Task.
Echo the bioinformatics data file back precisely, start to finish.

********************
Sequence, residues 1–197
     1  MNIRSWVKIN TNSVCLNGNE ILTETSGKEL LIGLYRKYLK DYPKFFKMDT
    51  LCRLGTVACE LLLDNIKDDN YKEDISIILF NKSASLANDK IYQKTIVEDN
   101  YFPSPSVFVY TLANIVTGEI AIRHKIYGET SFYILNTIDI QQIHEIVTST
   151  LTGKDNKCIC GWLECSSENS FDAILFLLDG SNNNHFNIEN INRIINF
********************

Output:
Sequence, residues 1–197
     1  MNIRSWVKIN TNSVCLNGNE ILTETSGKEL LIGLYRKYLK DYPKFFKMDT
    51  LCRLGTVACE LLLDNIKDDN YKEDISIILF NKSASLANDK IYQKTIVEDN
   101  YFPSPSVFVY TLANIVTGEI AIRHKIYGET SFYILNTIDI QQIHEIVTST
   151  LTGKDNKCIC GWLECSSENS FDAILFLLDG SNNNHFNIEN INRIINF